Yasmani Grandal AP

Nick Canepa once again demands that the Padres release Yasmani Grandal

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Back in November Nick Canepa of the San Diego Union Tribune wrote what may have been the worst baseball column I read all year (and I wasn’t the only one to think so).

In it he demanded that the Padres release catcher Yasmani Grandal due to his positive PED test. The idea is stupid enough. One does not simply cut ties with a 24 year-old catcher who is under team control for five more years and who has shown immense promise. But it was Canepa’s overwrought, dramatic prose that really set his column apart.

According to Canepa, Grandal committed “an incredibly stupid and thoughtless act.” He “tore the club’s head off.” He “burned this franchise, his teammates and its fans.” He called the act “unforgivable,” and made a weird cryptic comment about how there is no place in a decent world for sports. It was really out of sight.

Three passing of three months has not brought Canepa back to Earth, it seems. Via the Avenging Jack Murphy blog, we learn that Canepa has struck again. After noting the questions with the Padres’ pitching staff, Canepa fights the real enemy:

But doing most of the damage is Yasmani Grandal, who after coming on strong at the end of the year seemed set to be the team’s starting catcher for years. But he got himself busted for taking PEDs and will miss the first 50 games of the season, and that’s if the organization takes him back at all, which it shouldn’t because he absolutely screwed this team …

… How long had he been on the juice? Are there any guarantees he’s going to be the same player if he comes back? There seems to be a feeling within the organization that Grandal hasn’t come clean on this drug thing, especially now that his name allegedly has surfaced in the Miami anti-aging clinic scandal. The justice department probably is going to get involved now. Do the Padres want to be a part of this?

He acts as if Grandal was the first person to ever test positive for PEDs and that keeping Grandal somehow puts the Padres at some great risk. He acts as if there is no downside to the Padres releasing one of the more talented young players in the game. I refuse to believe that Canepa is stupid. I refuse to believe that he does not know that teams like the Padres can’t simply ship talent off and that Grandal is likely to have a good major league career ahead of him. I refuse to believe it, not because I know that much about Canepa, but because no person on planet Earth could possess so much weapons-grade stupidity without being sanctioned by the U.N. Security Council.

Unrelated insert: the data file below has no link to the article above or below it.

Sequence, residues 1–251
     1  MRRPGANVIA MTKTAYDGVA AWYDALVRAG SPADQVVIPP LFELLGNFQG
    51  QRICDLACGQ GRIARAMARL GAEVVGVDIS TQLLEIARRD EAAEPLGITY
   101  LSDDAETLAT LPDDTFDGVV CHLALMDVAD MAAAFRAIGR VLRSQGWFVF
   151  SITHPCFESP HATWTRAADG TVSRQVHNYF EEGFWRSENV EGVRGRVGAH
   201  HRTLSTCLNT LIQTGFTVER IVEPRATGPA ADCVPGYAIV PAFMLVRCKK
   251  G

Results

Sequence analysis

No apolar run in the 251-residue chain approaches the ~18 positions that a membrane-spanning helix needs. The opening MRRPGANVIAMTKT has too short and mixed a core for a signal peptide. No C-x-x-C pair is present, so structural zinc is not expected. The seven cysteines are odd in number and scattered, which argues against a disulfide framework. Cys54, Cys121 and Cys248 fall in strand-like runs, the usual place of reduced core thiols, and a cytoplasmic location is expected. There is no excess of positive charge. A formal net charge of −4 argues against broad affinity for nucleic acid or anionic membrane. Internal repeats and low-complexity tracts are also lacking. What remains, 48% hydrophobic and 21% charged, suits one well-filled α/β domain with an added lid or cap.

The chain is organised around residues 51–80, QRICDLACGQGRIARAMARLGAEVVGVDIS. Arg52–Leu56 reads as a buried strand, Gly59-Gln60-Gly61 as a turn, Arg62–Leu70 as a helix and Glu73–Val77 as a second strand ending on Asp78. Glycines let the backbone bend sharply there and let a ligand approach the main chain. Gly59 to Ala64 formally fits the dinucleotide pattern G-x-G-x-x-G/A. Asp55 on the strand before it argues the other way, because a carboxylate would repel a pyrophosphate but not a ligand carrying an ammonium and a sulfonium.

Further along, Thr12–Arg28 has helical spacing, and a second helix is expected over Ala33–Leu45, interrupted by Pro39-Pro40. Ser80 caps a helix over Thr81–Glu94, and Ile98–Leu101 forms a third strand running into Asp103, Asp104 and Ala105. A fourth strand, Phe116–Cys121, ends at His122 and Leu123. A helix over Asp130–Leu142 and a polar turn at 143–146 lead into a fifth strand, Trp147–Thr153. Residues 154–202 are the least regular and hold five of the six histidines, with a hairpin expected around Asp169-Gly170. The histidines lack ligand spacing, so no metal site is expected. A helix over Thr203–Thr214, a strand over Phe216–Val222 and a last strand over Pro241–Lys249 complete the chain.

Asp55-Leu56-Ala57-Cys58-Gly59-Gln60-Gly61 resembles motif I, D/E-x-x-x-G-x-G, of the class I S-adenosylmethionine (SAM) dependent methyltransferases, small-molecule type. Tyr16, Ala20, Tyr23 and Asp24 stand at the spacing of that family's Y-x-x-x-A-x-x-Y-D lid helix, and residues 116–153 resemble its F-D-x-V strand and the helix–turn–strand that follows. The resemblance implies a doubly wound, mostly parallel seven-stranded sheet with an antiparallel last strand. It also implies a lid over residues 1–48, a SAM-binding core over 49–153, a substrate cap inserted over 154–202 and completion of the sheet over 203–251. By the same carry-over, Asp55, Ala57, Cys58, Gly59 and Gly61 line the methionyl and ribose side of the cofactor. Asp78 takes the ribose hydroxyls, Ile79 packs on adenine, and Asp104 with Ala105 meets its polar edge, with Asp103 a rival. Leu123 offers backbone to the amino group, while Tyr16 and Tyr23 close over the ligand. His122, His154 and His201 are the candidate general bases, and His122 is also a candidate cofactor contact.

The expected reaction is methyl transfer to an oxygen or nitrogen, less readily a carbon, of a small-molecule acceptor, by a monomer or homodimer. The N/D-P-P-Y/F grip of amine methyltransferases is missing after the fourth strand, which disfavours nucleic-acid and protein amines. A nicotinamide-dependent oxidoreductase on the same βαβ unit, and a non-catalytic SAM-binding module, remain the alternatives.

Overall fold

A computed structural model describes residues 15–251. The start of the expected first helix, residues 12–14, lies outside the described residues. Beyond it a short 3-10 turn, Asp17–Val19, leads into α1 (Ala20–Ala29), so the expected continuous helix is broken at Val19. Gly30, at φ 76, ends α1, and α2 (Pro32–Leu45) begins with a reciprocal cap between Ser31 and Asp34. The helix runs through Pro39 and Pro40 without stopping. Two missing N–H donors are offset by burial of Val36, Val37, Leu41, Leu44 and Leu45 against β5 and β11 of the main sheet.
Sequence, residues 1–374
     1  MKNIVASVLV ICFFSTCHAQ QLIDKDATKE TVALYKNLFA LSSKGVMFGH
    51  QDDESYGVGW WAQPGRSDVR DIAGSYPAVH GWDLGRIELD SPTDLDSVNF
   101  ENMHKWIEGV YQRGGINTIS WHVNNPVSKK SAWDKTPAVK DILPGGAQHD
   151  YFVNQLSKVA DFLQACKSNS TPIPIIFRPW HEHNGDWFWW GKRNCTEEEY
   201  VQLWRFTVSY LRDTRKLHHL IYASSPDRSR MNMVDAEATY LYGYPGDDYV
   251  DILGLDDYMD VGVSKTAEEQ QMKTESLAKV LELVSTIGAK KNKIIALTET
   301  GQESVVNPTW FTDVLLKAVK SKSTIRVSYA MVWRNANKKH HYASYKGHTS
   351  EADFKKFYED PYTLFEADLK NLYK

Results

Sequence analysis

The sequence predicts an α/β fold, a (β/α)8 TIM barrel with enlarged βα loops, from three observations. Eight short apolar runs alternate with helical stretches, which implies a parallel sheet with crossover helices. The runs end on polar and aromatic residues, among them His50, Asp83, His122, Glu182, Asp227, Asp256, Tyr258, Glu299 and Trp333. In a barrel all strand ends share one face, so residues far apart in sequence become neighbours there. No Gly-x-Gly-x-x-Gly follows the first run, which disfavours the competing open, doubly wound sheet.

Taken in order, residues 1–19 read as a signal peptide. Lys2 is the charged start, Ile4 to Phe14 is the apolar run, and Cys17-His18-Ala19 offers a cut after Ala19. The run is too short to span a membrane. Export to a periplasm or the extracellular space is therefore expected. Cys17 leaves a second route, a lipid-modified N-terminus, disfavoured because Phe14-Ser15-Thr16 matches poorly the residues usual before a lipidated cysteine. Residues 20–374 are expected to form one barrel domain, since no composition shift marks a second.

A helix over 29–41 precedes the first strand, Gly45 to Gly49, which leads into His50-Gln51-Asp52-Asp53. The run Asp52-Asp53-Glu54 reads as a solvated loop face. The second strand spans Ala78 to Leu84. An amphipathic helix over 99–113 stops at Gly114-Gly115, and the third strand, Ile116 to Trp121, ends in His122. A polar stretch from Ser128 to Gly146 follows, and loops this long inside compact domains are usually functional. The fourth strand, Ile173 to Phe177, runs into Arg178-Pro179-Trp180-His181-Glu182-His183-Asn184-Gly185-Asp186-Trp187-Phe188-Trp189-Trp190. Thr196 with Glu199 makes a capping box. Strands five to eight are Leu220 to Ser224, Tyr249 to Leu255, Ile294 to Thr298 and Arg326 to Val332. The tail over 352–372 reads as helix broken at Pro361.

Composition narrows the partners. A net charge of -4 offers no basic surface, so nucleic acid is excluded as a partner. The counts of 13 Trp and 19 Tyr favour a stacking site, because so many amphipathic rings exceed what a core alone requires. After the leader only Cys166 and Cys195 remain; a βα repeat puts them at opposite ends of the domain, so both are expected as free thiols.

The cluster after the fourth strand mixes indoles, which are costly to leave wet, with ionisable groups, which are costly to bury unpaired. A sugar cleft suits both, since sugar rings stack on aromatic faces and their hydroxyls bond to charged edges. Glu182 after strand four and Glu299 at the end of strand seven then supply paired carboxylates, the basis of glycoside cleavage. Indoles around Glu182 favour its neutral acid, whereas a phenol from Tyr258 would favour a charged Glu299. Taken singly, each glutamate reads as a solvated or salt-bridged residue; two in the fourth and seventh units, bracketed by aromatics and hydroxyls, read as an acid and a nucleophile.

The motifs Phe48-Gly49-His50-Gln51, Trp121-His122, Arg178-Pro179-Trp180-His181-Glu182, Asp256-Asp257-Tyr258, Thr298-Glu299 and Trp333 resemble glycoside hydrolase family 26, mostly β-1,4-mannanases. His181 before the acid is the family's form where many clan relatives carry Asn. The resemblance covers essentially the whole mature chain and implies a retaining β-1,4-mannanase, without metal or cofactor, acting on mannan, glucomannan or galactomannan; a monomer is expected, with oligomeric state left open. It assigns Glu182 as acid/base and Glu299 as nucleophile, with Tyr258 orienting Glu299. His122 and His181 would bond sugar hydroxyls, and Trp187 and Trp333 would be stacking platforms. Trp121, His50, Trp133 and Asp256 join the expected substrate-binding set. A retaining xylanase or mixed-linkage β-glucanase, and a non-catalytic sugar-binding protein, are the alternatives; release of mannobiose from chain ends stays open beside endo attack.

No, Canepa is not stupid. He’s grandstanding and hand-wringing and moralizing. And that’s worse than stupidity, because that’s willful.

Rangers sign Josh Hamilton to a minor league deal

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The Texas Rangers have signed Josh Hamilton to a minor league contract with an invitation to spring training.

Not at all surprising. The Rangers released Hamilton last August, but that was simply to make some room on the 40-man roster. His season was already toast due to the surgery he underwent to repair lateral and meniscus cartilage in his left knee which had the added bonus of revealing that he had an ACL injury as well, which required reconstruction. At the time of his release both he and the Rangers made noises about him coming back on a minor league deal in 2017.

Hamilton turns 36 in May. The smart money has it that his big league career is over, but Hamilton would be silly to retire given that he is owed $30 million this coming season. That the Angels are paying $26.41 million of that makes it far less painful for the Rangers as well. If he can hit in the spring, hey, let him DH some and pay him low money. If not, no skin off of anyone’s nose. He can request a release on April 1 if he hasn’t made the big league roster.

A-Rod to host a reality show featuring broke ex-athletes

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Alex Rodriguez’s transition into retirement has featured a serious move into the business world. He has gone back to school, worked seriously on investments and has started his own corporation. Yes, he’s set for life after making more money than any baseball player in history, but even if his bank account wasn’t fat, you get the sense that he’d be OK given what we’ve seen of his work ethic and savvy in recent years.

He’s going to be getting another paycheck soon, though. For hosting a reality show featuring athletes who are not in as good a financial shape as A-Rod is:

Interesting. Hopefully, like so many other reality shows featuring the formerly rich and famous, this one is not exploitative. Not gonna hold my breath because that’s what that genre is all about, unfortunately, but here’s hoping A-Rod can help some folks with this.